Kobe Bryant returns to competitive action tonight for the first time in 10 months as the Los Angeles Lakers help get the 2014-15 NBA season underway.
The media spotlight is therefore likely to be shining brightly on the Staples Center as we clamour to see if the Black Mamba has still got it or if he has truly left his best days behind him.
But while the Tuesday morning headlines will no doubt be the preserve of the 16-time All-Star regardless of which storyline plays out, does it, in the long run, really matter?
Rather than focussing our attention on a once great master attempting to draw a standing ovation one last time before the curtain closes, the world should really be watching the action down in New Orleans as Anthony Davis begins the latest chapter in what is shaping up to be a great NBA career.
After a breakout second season in the league which saw Davis gain his first All-Star call up it's not just Pelicans fans who are eager to see what the freakish athlete can produce this time around.
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ESPN, taking into consideration injuries, last week ranked the forward/center as the third best player in the entire NBA and with Davis having added around 10 pounds of muscle to his already imposing frame during the offseason, this year could see the former Kentucky man move into the 'elite' group of NBA stars currently home to the likes of LeBron, Kevin Durant, and until recently that man Kobe Bryant.
The perfect game
The reason Davis stands a legitimate chance of joining those guys above? Because his all-round ability, in virtually every aspect of the game, means he is capable of doing what every one of them does so well.
He showed in a recent pre-season game for the Pelicans that he has added a Kobe-esque fade-away jumper to his repertoire - a worrying sight for opponents across the league.
Despite his 6ft 10 inch frame he is capable of matching the speed and athleticism of LeBron up and down the court - his defensive game improving at a rapid rate.
And he can score with the best of them too. In just his second year in the league, and with the prospects of New Orleans on his shoulders, Davis averaged 20.8 points per game. That's under five less than the notoriously accurate Kevin Durant managed at the same point in his career.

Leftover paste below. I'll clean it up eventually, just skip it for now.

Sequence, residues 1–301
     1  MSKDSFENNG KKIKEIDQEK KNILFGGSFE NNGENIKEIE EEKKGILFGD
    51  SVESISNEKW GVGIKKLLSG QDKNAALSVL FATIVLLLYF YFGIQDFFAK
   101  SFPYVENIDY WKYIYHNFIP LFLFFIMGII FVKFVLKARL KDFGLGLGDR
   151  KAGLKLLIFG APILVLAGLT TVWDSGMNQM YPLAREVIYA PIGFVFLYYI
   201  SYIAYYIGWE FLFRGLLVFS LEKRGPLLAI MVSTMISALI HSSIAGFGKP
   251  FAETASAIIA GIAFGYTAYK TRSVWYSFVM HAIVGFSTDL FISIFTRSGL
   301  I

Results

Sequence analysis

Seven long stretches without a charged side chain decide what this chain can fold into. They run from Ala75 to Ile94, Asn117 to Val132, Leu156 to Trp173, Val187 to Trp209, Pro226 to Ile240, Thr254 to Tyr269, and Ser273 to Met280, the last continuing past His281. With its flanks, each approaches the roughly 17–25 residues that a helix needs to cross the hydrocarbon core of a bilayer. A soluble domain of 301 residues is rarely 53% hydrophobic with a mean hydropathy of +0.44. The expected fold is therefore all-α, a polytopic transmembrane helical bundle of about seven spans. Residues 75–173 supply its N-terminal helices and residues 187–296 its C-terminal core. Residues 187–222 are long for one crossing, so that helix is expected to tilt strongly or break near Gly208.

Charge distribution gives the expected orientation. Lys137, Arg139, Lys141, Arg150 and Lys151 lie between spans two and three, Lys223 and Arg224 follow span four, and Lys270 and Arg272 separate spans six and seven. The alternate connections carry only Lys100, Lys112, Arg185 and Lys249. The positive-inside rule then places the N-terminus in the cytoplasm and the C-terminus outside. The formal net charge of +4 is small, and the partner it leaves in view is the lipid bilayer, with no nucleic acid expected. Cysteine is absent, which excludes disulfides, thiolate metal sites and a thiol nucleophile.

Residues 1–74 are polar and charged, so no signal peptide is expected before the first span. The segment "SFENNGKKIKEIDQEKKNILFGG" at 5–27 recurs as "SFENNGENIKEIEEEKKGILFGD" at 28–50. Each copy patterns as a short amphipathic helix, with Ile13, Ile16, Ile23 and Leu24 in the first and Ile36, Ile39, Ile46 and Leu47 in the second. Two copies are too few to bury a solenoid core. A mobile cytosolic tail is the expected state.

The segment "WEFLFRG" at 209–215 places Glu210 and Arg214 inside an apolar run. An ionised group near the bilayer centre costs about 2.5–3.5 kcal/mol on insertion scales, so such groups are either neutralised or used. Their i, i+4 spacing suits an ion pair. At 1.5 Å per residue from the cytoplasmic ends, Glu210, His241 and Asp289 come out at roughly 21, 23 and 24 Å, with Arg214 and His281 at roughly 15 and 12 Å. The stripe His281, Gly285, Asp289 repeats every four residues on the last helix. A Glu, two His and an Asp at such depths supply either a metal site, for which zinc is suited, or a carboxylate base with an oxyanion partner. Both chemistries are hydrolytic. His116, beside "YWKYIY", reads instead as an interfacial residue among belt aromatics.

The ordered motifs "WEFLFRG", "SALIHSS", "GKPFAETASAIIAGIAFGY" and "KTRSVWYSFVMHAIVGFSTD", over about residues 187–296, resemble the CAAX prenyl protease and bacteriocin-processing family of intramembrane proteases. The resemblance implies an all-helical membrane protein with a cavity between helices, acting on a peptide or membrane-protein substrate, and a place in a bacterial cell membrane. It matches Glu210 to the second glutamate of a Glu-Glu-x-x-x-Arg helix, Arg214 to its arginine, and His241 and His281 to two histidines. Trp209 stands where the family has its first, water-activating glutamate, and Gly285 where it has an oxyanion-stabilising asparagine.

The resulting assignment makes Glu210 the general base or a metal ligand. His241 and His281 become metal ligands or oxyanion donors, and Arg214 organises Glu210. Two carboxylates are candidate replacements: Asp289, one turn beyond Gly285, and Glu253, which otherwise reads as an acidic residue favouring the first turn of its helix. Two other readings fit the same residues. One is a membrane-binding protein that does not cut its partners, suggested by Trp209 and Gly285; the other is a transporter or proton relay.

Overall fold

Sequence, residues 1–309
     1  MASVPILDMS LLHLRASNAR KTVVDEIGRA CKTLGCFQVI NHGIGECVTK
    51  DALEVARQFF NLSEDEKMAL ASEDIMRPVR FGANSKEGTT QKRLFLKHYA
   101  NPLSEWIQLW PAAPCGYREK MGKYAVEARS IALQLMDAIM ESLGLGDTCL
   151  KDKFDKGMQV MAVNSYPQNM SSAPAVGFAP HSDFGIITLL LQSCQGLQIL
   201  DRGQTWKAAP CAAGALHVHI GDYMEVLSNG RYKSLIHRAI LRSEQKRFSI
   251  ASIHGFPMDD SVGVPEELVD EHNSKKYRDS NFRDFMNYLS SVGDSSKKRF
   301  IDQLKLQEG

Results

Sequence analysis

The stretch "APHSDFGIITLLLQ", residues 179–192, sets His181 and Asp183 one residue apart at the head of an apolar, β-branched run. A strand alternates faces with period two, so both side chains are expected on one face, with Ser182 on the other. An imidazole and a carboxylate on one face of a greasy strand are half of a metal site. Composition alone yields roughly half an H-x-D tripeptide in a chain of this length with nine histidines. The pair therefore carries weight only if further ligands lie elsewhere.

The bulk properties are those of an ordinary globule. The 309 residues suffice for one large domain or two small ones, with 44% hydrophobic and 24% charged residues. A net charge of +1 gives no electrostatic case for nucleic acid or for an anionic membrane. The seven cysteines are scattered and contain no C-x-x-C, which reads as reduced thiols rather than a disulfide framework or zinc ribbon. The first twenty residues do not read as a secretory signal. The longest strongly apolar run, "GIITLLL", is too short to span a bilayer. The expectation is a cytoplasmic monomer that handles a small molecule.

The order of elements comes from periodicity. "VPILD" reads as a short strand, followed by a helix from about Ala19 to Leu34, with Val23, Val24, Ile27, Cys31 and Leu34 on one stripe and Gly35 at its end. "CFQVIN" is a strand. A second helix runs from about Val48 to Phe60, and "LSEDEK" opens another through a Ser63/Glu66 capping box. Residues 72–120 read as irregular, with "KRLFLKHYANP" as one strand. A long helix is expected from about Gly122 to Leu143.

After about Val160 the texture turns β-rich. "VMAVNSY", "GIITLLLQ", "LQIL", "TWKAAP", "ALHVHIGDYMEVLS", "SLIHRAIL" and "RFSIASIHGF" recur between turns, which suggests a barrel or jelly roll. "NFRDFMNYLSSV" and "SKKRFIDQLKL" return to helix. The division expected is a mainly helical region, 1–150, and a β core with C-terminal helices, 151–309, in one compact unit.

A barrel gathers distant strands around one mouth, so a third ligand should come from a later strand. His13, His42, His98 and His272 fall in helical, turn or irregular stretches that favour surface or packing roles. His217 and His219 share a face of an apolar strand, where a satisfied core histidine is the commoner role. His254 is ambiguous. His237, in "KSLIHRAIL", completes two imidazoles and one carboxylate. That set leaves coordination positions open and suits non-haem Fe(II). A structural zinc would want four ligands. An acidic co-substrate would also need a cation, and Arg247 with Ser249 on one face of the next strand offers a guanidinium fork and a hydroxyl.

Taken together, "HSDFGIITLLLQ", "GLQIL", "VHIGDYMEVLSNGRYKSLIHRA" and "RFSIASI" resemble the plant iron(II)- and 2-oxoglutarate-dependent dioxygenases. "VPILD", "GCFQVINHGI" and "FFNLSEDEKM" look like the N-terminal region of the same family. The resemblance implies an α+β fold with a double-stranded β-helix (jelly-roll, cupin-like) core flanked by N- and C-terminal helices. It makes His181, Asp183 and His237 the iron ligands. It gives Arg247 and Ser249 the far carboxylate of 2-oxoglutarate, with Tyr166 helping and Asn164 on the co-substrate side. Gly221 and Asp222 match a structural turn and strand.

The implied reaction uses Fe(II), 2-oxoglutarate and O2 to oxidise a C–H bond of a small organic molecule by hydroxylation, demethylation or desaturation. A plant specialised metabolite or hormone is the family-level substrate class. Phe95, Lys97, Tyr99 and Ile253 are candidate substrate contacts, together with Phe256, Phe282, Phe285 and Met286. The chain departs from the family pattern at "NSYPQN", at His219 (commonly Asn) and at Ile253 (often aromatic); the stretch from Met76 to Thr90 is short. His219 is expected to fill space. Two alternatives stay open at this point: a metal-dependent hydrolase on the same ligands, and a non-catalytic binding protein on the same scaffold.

Throw in a phenomenal rebounding game,( he averaged 10 rebounds per game in 2013-14) both in finishing at the net and defending his own, and you can see why GMs across the league are plotting future moves.
Those kind of skills usually translate into pretty darn good stat lines when all is said and done, and, as you might have come to expect by now, Anthony Davis does not disappoint in that area either.
He is only the second player in NBA history to average over 20 points, 10 rebounds, and two blocks per game aged 20 or younger. The only other player with those sort of stats in the NBA before they were legally allowed to drink was a certain Shaquille O'Neal.
And despite his age, Davis has put his head above the parfait and dragged the Pelicans to some for of respectability over the past two years. Only Magic Johnson (10.5) and LeBron James (14.3) had higher win shares that Davis (10.4) when 20 or under.
Start as you mean to go on
With Davis and the Pelicans beginning their season with a match up against a beatable Orlando Magic it is a safe bet to expect the prodigy to replicate, if not improve on, those measurables in game one of the season.
And while Kobe Bryant and the Lakers may provide some highlights during the other 81 games following tonight's action, the smart move would be to focus your attention of Anthony Davis instead if you want to get the inside track on the next genuine superstar this league has to offer.